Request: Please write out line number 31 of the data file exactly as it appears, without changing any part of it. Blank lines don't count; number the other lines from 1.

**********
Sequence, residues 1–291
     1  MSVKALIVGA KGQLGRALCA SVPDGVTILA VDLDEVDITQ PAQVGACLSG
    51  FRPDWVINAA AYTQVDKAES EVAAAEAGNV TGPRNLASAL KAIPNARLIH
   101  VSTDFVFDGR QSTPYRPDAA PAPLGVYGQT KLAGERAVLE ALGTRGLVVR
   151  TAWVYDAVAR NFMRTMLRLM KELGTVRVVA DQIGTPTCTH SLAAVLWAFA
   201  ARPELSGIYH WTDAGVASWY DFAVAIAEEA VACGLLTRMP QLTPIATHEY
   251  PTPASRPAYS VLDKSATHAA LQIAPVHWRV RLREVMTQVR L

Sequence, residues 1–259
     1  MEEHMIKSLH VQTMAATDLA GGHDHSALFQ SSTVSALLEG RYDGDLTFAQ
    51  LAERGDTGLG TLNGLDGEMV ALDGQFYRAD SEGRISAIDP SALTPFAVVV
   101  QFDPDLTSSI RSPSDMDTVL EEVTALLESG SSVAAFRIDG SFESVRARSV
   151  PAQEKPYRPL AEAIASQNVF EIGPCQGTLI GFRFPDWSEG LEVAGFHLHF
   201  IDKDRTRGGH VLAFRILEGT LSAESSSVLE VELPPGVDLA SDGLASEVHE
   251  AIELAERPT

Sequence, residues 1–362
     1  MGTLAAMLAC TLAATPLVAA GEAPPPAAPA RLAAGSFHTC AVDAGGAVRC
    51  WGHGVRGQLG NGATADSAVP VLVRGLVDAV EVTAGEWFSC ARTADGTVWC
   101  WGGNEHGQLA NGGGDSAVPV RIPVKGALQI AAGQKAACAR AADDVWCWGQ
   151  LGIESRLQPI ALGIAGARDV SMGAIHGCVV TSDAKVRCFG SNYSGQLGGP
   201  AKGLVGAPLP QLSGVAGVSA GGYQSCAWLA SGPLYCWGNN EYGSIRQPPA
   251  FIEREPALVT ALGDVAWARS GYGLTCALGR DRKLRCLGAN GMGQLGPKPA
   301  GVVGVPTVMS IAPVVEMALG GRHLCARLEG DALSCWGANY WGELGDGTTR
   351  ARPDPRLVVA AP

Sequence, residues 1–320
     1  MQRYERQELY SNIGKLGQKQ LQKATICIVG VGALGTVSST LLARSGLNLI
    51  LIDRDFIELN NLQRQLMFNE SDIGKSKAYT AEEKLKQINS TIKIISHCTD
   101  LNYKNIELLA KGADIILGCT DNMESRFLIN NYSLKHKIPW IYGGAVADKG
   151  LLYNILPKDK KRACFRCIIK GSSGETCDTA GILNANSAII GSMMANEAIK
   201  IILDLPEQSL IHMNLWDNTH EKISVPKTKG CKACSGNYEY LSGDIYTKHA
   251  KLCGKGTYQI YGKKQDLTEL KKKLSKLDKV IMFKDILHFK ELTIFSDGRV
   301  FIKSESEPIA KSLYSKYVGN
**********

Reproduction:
   301  FIKSESEPIA KSLYSKYVGN